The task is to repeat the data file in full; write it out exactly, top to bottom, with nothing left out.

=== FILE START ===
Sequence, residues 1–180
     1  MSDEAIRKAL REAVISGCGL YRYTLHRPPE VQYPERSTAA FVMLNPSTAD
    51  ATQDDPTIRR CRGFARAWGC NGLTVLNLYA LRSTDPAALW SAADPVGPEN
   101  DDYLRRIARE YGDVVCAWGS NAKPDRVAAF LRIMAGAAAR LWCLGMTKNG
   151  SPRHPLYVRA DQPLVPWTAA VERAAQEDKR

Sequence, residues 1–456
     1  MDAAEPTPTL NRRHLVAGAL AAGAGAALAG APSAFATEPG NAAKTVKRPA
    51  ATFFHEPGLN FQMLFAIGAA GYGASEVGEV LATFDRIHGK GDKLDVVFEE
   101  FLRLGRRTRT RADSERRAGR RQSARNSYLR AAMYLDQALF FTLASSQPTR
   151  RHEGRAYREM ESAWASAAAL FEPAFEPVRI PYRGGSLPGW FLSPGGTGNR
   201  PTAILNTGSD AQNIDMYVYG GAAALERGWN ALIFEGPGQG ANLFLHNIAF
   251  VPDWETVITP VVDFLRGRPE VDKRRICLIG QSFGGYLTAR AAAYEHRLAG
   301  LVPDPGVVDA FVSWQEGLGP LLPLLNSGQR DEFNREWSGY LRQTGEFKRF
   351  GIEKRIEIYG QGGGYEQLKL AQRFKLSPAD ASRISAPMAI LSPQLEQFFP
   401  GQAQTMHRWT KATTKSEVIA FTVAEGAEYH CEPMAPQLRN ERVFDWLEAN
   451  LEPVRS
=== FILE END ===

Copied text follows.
Sequence, residues 1–180
     1  MSDEAIRKAL REAVISGCGL YRYTLHRPPE VQYPERSTAA FVMLNPSTAD
    51  ATQDDPTIRR CRGFARAWGC NGLTVLNLYA LRSTDPAALW SAADPVGPEN
   101  DDYLRRIARE YGDVVCAWGS NAKPDRVAAF LRIMAGAAAR LWCLGMTKNG
   151  SPRHPLYVRA DQPLVPWTAA VERAAQEDKR

Sequence, residues 1–456
     1  MDAAEPTPTL NRRHLVAGAL AAGAGAALAG APSAFATEPG NAAKTVKRPA
    51  ATFFHEPGLN FQMLFAIGAA GYGASEVGEV LATFDRIHGK GDKLDVVFEE
   101  FLRLGRRTRT RADSERRAGR RQSARNSYLR AAMYLDQALF FTLASSQPTR
   151  RHEGRAYREM ESAWASAAAL FEPAFEPVRI PYRGGSLPGW FLSPGGTGNR
   201  PTAILNTGSD AQNIDMYVYG GAAALERGWN ALIFEGPGQG ANLFLHNIAF
   251  VPDWETVITP VVDFLRGRPE VDKRRICLIG QSFGGYLTAR AAAYEHRLAG
   301  LVPDPGVVDA FVSWQEGLGP LLPLLNSGQR DEFNREWSGY LRQTGEFKRF
   351  GIEKRIEIYG QGGGYEQLKL AQRFKLSPAD ASRISAPMAI LSPQLEQFFP
   401  GQAQTMHRWT KATTKSEVIA FTVAEGAEYH CEPMAPQLRN ERVFDWLEAN
   451  LEPVRS